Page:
Oxfam in emergency plea after Yorkshire blaze wipes out stock

OXFAM has launched its first national emergency appeal for stock donations after a fire destroyed its sorting and recycling plant in West Yorkshire.

A huge blaze at the charity’s Wastesaver facility in Huddersfield, last month has left the organisation with an unprecedented stock crisis.

It is calling on the public to help by donating unwanted clothing and accessories to their local Oxfam shop or donation bank.

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The appeal is being backed by Jane Shepherdson, head of fashion retailer Whistles, and Red or Dead founder Wayne Hemingway.

Ms Shepherdson said: “Oxfam shops aren’t just a British institution, they’re a vital part of Oxfam’s work fighting poverty around the world.

“The damage caused by this fire is a huge blow, not only for Oxfam but for charity shoppers and fashion fans across the country.

“Every single item of clothing, accessories or shoes you can donate will help to make a huge difference.”

Mr Hemingway said: “Oxfam shops are built on the generosity of the British public, and each one is an important part of its local community.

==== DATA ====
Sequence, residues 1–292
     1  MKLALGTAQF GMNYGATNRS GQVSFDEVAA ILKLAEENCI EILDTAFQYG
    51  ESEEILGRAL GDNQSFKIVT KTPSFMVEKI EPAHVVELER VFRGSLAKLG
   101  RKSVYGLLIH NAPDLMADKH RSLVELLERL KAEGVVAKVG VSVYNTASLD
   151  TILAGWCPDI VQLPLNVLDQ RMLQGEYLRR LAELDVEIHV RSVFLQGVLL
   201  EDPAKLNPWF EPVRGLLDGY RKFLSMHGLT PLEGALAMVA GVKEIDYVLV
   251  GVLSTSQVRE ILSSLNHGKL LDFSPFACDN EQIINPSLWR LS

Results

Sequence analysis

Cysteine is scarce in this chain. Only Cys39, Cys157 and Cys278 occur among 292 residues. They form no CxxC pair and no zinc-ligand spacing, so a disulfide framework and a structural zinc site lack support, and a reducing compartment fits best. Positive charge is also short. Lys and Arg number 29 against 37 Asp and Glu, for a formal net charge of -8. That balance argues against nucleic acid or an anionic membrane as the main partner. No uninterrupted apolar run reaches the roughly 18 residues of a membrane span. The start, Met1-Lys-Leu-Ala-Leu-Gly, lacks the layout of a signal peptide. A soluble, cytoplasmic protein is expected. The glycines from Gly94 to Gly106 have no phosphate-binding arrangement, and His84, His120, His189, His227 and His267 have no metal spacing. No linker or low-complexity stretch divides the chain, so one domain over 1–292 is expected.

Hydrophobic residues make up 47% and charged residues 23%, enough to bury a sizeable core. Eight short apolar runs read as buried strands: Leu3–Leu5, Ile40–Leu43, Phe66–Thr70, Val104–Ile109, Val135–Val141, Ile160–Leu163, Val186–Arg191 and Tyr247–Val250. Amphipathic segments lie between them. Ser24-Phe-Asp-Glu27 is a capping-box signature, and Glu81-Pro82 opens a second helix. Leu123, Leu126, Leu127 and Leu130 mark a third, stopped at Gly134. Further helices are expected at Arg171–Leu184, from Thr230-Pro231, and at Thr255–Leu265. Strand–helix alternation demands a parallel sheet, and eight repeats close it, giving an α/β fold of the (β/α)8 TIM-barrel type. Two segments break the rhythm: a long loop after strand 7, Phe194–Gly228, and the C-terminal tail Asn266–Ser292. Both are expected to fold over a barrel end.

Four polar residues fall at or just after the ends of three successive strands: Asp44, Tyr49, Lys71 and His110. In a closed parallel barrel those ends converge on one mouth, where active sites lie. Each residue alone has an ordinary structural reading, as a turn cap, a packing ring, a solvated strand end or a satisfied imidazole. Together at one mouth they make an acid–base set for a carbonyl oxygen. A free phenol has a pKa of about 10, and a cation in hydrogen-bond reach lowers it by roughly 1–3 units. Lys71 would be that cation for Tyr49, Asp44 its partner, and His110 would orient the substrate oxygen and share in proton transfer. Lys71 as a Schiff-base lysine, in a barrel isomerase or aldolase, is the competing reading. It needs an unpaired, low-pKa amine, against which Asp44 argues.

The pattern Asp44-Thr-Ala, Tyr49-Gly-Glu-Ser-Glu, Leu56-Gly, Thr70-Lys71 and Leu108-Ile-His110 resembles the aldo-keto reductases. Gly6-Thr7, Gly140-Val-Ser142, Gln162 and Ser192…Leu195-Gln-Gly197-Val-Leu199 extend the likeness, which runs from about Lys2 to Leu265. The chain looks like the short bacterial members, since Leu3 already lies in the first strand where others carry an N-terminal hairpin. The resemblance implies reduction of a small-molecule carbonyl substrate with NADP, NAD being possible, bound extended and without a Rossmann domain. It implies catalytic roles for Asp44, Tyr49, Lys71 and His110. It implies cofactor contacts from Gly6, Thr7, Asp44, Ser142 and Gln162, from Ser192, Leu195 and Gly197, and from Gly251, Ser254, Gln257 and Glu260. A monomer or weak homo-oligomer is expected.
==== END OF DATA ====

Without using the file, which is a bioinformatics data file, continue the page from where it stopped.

“We need to rally round and show this same generosity and sense of community to help tackle this huge loss.

“I’ll be rooting through my drawers and cupboards to get some bags of donations together for Oxfam this week, and I’d encourage everyone to do the same.”

Oxfam said it is the only major charity to operate its own textile sorting facility. Wastesaver had been central to the charity’s shop network since 1967. It handled 800 tonnes of surplus clothing and textiles per month and managed 600 book banks and 700 clothing banks.

More than 50 firefighters fought the blaze at the plant on April 30.

It destroyed the entire processing facility, containing hundreds of thousands of pounds of specialised machinery and stock donated by the public. Two nearby storage facilities were undamaged.

Oxfam said the loss from the blaze wiped out the clothing stock held for Oxfam’s popular festivals shop, which is scheduled to be at seven of this year’s biggest festivals, including Glastonbury and Leeds.

The charity said the festivals shops raised £250,000 last year.

Oxfam’s trading director David McCullough said: “We’re incredibly sad to have lost Wastesaver, which has been a vital part of what we do for more than 40 years.

“But our staff have been absolutely amazing, showing incredible spirit and resilience to get our sorting operation back up and running in the toughest of times.

“We’ll be back up to full operations again very soon, but the situation is so severe and unprecedented that we’ve launched an emergency appeal for stock for the first time in our history. Now more than ever, we urgently need donations so we can keep raising money for our work around the world.”